How To Stay Safe When Trekking Around Bears

Trekking lets you connect with nature, but it also exposes you to lots of natural hazards and dangerous wildlife. One of the biggest concerns for hikers and trekkers is bear attacks. Bears are powerful predators and can easily be attracted to the tasty food (or even deodorant) that you might have brought with you.

Trekkers can avoid bears by traveling with a group, making noise, and properly storing food and smelly items. In the event of an encounter, play dead for Grizzly bears and try to escape from black bears. If they attack, defend yourself with bear spray.

Bears are dangerous animals, but there are many ways that you can avoid them, or de-escalate conflicts before they attack. As long as you properly identify the type of bear and take the right precautions, you’ll be better equipped to deal with these wild animals.

Avoidance Tactics

In a lot of cases, bears can be avoided altogether if you’re careful. In general, these animals won’t seek out a fight with humans if they know you’re around. Generally they’re attracted by the scent of food or startled by unexpected humans in their territory.

So if you let bears know that you’re around (and aren’t a tasty treat) there’s a good chance you’ll have a bear-free trek. There are a few strategies you can try.

Travel With A Group

Bears are much less likely to go after a group than they will an individual. You’ll have more backup with a group, plus you’ll make a more off-putting target if the bear is feeling aggressive. You should never travel by yourself on a trek regardless, but certainly don’t do it in bear country!

Make Noise

Bears are sensitive to sounds and smells, so they’ll usually know you’re there before you spot them. Again, most bears won’t actively seek out a fight, and it’s much easier for them to move out of the way and let you pass by. So try to make a good amount of noise as you travel! Talking with people in your group or playing music on portable speakers is a good way to do this.

Note: Avoid making certain sounds that might mimic distressed animals. Screaming, shouting, and blowing whistles can activate a bear’s predatory instincts and draw them closer.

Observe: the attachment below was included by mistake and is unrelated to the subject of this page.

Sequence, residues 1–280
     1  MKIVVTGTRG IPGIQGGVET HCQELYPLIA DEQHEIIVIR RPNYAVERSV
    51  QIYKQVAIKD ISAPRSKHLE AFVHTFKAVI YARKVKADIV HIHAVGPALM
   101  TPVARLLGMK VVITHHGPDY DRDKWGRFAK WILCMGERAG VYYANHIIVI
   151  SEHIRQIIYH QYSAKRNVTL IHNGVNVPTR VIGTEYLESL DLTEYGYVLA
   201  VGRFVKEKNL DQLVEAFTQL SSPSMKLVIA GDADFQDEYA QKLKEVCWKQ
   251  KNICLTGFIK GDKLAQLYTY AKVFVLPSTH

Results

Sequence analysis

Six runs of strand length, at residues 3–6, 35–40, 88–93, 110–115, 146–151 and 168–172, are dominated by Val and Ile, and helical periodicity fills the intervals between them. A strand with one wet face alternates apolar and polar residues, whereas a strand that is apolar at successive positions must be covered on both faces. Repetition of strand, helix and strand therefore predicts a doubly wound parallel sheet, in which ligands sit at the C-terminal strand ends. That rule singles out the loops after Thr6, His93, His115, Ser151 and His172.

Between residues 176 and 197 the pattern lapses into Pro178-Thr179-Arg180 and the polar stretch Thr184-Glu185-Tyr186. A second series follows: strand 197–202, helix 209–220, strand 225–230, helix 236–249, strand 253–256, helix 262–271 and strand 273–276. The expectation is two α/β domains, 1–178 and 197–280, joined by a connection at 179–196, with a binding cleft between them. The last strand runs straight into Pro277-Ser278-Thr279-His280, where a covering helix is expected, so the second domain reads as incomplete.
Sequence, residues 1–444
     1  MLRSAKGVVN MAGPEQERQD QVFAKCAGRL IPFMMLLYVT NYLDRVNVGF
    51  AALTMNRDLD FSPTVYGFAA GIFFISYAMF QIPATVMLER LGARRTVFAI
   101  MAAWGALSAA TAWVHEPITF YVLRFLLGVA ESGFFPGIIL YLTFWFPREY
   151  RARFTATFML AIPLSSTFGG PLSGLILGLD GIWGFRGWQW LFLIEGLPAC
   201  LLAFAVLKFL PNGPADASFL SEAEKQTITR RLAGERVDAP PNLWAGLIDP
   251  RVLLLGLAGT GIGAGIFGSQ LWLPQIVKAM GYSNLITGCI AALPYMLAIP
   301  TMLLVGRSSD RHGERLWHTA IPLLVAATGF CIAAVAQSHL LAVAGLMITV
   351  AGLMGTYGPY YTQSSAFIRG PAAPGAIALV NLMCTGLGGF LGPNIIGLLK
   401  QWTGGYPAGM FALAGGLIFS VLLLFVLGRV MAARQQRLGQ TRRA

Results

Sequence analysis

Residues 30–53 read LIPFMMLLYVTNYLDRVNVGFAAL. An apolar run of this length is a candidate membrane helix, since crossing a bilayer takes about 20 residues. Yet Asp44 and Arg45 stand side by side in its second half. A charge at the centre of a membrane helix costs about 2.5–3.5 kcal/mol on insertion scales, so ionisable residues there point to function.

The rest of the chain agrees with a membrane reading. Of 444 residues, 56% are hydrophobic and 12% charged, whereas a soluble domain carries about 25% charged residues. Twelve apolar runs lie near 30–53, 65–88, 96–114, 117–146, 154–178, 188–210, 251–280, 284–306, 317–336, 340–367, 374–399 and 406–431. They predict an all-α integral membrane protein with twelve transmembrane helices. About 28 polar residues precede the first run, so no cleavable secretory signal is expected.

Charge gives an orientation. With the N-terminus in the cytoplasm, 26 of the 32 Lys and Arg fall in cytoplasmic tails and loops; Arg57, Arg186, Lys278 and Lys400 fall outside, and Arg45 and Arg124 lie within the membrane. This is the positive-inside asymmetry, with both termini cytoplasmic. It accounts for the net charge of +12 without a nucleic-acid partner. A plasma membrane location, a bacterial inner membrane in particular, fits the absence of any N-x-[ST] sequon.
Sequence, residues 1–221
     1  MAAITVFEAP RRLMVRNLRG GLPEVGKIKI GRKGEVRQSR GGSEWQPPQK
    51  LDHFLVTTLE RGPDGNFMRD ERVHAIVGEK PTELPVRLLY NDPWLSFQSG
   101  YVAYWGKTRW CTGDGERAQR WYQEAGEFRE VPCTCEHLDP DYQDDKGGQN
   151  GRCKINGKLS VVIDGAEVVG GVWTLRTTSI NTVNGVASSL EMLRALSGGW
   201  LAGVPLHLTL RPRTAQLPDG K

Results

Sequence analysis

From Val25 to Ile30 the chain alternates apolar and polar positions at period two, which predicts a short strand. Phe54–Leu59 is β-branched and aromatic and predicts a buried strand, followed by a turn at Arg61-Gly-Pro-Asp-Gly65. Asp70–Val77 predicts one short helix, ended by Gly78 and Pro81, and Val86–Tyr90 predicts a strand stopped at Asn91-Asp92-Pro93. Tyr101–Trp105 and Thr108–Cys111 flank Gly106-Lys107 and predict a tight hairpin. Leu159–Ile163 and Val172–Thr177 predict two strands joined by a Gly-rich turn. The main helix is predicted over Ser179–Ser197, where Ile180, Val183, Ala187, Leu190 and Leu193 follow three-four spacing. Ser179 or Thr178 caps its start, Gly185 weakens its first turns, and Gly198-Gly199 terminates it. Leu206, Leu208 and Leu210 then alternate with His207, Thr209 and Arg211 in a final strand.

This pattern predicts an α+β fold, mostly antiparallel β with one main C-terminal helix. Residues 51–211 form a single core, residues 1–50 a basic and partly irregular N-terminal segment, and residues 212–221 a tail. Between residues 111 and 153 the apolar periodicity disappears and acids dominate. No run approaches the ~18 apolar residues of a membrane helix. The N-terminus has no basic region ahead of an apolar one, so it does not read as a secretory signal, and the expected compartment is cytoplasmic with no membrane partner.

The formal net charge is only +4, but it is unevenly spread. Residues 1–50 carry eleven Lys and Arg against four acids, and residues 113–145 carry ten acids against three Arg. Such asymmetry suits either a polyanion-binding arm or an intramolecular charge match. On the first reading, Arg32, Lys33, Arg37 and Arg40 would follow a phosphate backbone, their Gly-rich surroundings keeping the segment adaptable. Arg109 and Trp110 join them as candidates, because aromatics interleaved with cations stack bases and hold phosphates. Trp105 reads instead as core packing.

Properly Store Food

Bears have a great sense of smell and they can easily be attracted to a campsite. If your food isn’t well-sealed and stored, they might get dangerously close in order to get a taste. They can even be attracted by scented products like sunscreen, deodorant, and perfume. Use unscented products as much as possible and NEVER keep food in your tent.

Store your food in a bear-proof container at least 100 feet away from your campsite. This way, if a bear does happen to come calling, you’ll be out of harm’s way.

Watch For Warning Signs

You’ll usually be able to tell if there are bears in your vicinity. Keep an eye out for potential attractants, such as animal carcasses, running water, or ripe berry bushes. Footprints and bear scat is another good way to know if they’ve been around recently! Keep moving and stay alert if you spot these signs.

Identifying The Bear

Despite our best efforts, sometimes nature throws a curveball at us and we end up face to face with a bear. When this happens, it’s vitally important that you recognize what type of bear you’re looking at. Grizzly bears and black bears are the two main species you’ll encounter in North America, but they are different animals that require different responses.

When it comes to telling them apart, you can’t go by color alone. Despite the name, black bears aren’t always colored black. They can appear in shades of black, brown, red, and even white! The same thing is true of Grizzlies, so you need to look for other distinguishing characteristics.

First of all, check their physique. Grizzly bears have a large, prominent hump on their back. Black bears on the other hand, have slightly raised rumps. As one bear-aware slogan says, “Grizzly bear = raised hump and black bear = raised rump.” (Source)